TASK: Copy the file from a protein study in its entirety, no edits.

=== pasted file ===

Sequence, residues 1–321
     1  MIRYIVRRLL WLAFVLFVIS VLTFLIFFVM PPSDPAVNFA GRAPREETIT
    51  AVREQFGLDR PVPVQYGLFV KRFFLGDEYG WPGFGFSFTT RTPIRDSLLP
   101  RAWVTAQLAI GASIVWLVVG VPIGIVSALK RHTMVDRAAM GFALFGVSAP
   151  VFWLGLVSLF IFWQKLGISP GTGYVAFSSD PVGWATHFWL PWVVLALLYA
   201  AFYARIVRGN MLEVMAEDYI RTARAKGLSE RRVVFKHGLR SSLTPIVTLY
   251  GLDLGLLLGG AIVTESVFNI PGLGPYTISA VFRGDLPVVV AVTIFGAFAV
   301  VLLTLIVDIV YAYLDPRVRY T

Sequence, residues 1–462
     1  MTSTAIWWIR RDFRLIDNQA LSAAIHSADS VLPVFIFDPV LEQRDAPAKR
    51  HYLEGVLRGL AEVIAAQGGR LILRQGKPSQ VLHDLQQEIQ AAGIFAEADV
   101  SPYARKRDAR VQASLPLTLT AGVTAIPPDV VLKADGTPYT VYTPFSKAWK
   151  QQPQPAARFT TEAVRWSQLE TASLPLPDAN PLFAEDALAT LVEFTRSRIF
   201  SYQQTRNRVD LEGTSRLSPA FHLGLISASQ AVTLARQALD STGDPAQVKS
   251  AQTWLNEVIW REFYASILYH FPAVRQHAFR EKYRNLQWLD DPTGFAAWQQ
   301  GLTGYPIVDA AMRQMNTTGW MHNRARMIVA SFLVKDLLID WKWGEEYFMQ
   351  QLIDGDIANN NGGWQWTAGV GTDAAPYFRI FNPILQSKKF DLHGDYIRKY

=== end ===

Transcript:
Sequence, residues 1–321
     1  MIRYIVRRLL WLAFVLFVIS VLTFLIFFVM PPSDPAVNFA GRAPREETIT
    51  AVREQFGLDR PVPVQYGLFV KRFFLGDEYG WPGFGFSFTT RTPIRDSLLP
   101  RAWVTAQLAI GASIVWLVVG VPIGIVSALK RHTMVDRAAM GFALFGVSAP
   151  VFWLGLVSLF IFWQKLGISP GTGYVAFSSD PVGWATHFWL PWVVLALLYA
   201  AFYARIVRGN MLEVMAEDYI RTARAKGLSE RRVVFKHGLR SSLTPIVTLY
   251  GLDLGLLLGG AIVTESVFNI PGLGPYTISA VFRGDLPVVV AVTIFGAFAV
   301  VLLTLIVDIV YAYLDPRVRY T

Sequence, residues 1–462
     1  MTSTAIWWIR RDFRLIDNQA LSAAIHSADS VLPVFIFDPV LEQRDAPAKR
    51  HYLEGVLRGL AEVIAAQGGR LILRQGKPSQ VLHDLQQEIQ AAGIFAEADV
   101  SPYARKRDAR VQASLPLTLT AGVTAIPPDV VLKADGTPYT VYTPFSKAWK
   151  QQPQPAARFT TEAVRWSQLE TASLPLPDAN PLFAEDALAT LVEFTRSRIF
   201  SYQQTRNRVD LEGTSRLSPA FHLGLISASQ AVTLARQALD STGDPAQVKS
   251  AQTWLNEVIW REFYASILYH FPAVRQHAFR EKYRNLQWLD DPTGFAAWQQ
   301  GLTGYPIVDA AMRQMNTTGW MHNRARMIVA SFLVKDLLID WKWGEEYFMQ
   351  QLIDGDIANN NGGWQWTAGV GTDAAPYFRI FNPILQSKKF DLHGDYIRKY